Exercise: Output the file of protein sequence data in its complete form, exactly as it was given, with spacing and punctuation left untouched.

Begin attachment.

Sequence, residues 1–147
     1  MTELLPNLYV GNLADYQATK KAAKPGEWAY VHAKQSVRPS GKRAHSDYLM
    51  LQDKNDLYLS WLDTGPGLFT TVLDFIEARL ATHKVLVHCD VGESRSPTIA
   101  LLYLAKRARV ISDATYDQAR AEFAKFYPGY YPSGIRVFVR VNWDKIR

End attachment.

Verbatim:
Sequence, residues 1–147
     1  MTELLPNLYV GNLADYQATK KAAKPGEWAY VHAKQSVRPS GKRAHSDYLM
    51  LQDKNDLYLS WLDTGPGLFT TVLDFIEARL ATHKVLVHCD VGESRSPTIA
   101  LLYLAKRARV ISDATYDQAR AEFAKFYPGY YPSGIRVFVR VNWDKIR